What is Mediation?
Mediation is a process in which 2 or more people involved in a dispute meet in a private, confidential setting and with the help of a neutral person (a mediator), work out a solution to their problem. A mediator is not a judge; he or she does not decide who is right or wrong. A mediator does not force anybody to reach an agreement they aren't comfortable with or to accept any particular settlement terms.

When you call a mediation center, you will speak with a worker who will take down some basic information and answer any questions you have about mediation. The center then contacts the other party to see if they would like to try mediation. If both parties agree, a mediation session is quickly scheduled.

During the mediation session, each party describes the dispute from their point of view. Then they explain how they think the matter can be resolved. The mediators help the parties focus on the real issues causing the problem, and then help find a workable solution which resolves the problem. When the parties agree on one solution, the agreement is put in writing. Because mediators do not offer legal advice, you should know your legal rights before attending a mediation session. Of course, you are free to consult with or to obtain the services of an attorney to assist you. Attorneys can attend mediation sessions, too.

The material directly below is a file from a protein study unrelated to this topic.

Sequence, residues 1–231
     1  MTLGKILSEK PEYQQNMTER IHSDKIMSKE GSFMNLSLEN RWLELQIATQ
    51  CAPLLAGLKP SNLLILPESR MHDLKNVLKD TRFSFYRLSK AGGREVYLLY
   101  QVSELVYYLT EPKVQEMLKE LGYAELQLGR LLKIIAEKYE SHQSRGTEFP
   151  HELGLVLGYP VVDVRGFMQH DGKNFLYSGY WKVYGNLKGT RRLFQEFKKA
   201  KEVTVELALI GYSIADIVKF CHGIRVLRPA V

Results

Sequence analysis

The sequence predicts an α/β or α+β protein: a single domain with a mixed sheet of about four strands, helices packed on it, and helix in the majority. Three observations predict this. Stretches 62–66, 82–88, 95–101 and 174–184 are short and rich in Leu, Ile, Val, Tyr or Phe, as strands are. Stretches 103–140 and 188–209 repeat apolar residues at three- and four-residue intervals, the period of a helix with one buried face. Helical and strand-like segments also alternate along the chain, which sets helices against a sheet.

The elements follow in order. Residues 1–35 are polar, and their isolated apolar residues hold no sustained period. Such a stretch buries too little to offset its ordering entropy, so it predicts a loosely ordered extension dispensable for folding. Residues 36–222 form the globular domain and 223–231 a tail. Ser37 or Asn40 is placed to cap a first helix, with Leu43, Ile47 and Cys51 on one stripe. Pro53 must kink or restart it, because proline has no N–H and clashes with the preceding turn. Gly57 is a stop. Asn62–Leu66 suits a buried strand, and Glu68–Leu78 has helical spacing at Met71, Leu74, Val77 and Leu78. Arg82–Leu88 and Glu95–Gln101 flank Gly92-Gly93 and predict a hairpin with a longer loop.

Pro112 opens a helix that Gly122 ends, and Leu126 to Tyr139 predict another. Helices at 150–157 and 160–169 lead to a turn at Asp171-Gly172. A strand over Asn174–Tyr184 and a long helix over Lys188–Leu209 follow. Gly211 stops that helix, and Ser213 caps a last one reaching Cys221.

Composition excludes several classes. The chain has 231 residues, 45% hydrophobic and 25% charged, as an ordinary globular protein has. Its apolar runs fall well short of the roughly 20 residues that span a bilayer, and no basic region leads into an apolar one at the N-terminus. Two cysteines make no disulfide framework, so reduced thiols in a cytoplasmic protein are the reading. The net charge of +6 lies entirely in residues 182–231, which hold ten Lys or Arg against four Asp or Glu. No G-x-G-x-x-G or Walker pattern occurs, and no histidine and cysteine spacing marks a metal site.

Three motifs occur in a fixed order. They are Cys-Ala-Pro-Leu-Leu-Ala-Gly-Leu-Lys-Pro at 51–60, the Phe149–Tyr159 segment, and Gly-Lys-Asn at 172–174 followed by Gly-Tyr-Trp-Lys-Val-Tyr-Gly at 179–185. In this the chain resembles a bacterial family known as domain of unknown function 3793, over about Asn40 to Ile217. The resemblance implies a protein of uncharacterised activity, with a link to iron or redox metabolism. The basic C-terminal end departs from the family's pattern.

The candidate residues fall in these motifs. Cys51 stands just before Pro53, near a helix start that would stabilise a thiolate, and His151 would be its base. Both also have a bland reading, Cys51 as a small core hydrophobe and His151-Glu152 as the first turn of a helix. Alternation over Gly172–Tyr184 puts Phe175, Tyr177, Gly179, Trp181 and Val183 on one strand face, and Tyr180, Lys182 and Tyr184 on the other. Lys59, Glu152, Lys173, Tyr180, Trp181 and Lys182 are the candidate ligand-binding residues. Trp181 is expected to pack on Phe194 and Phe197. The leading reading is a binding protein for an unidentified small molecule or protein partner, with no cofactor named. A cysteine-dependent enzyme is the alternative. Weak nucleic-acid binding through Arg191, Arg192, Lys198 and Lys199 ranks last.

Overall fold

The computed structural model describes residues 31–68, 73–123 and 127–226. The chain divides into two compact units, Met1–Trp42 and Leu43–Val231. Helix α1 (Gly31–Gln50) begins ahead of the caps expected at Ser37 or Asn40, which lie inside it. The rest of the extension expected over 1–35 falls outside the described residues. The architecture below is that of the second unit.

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1. What is Mediation?
2. Can I try mediation if I have already filed a case in court?